Published online by Cambridge University Press: 10 August 2009
A contracts to sell a harvesting machine to B, a farmer, which B requires to enable him to harvest his asparagus crop. In the pre-contractual negotiations, A told B that the machine would be able to harvest one acre a day, but when B comes to use it he discovers that it can only harvest half an acre a day. B is unable to obtain an alternative machine in time to save the half of the crop that cannot be harvested before it is ruined. He now also has a machine which he knows will be inadequate for next year's harvest. What liability (in contract, tort, restitution, or any other form of liability), if any, does A have to B?
Would it make a difference if A had made no statements about the capacity of the machine, but instead during the negotiations B told A that he expected that the machine would be able to harvest one acre a day?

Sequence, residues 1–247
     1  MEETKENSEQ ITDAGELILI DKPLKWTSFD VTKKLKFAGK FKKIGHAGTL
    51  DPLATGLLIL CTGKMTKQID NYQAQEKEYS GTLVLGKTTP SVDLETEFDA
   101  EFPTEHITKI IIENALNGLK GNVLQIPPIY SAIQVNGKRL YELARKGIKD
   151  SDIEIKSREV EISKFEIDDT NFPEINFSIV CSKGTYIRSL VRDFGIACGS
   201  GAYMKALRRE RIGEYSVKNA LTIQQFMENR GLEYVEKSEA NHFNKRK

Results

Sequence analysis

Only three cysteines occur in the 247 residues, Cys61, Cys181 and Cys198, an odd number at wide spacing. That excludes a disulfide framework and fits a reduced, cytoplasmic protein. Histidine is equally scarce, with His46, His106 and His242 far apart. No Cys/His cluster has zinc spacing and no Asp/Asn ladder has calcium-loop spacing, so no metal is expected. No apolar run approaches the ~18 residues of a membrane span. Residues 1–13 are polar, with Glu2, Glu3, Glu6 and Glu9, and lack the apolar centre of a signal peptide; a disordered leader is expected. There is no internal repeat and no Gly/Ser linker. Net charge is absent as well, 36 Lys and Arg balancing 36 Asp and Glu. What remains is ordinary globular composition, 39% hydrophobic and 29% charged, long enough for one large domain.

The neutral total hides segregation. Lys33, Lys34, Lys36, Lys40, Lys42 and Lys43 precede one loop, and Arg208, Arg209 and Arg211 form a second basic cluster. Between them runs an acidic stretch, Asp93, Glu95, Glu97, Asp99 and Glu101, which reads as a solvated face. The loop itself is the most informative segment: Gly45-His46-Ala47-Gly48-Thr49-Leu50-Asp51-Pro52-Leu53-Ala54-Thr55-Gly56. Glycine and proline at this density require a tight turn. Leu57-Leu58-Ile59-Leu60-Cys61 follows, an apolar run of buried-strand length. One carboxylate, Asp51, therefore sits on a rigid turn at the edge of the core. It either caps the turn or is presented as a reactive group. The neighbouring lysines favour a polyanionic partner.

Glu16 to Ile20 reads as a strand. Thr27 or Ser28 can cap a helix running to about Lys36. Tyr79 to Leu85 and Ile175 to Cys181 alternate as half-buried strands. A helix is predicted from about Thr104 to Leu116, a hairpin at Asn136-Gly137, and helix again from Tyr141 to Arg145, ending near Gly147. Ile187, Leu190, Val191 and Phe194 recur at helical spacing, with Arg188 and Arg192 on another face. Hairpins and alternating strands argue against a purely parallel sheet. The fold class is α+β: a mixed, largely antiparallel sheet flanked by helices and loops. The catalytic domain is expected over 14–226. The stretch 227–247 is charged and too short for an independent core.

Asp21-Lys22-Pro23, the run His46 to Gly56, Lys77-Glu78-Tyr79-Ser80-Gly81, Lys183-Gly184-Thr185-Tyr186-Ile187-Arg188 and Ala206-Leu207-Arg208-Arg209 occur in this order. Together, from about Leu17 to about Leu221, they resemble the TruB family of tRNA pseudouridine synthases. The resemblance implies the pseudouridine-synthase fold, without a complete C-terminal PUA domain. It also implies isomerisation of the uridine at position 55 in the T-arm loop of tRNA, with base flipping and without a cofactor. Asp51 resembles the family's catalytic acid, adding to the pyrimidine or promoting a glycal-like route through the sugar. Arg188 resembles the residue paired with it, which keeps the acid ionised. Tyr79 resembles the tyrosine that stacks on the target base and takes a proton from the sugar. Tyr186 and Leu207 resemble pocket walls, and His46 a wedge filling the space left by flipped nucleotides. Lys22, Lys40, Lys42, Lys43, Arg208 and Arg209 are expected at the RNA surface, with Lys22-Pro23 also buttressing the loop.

Since a contract has been concluded, the rules on ‘warranty’ (Gewährleistung) apply. The fact that express stipulations were made in the precontractual negotiations does not affect the application of §§922ff. ABGB. These rules have been changed most recently by the Warranty Amendment Act BGBl I 2001/48, which came into effect on 1 January 2002. The person suffering from a breach of express warranty must first claim repair or replacement of the non-complying delivered good.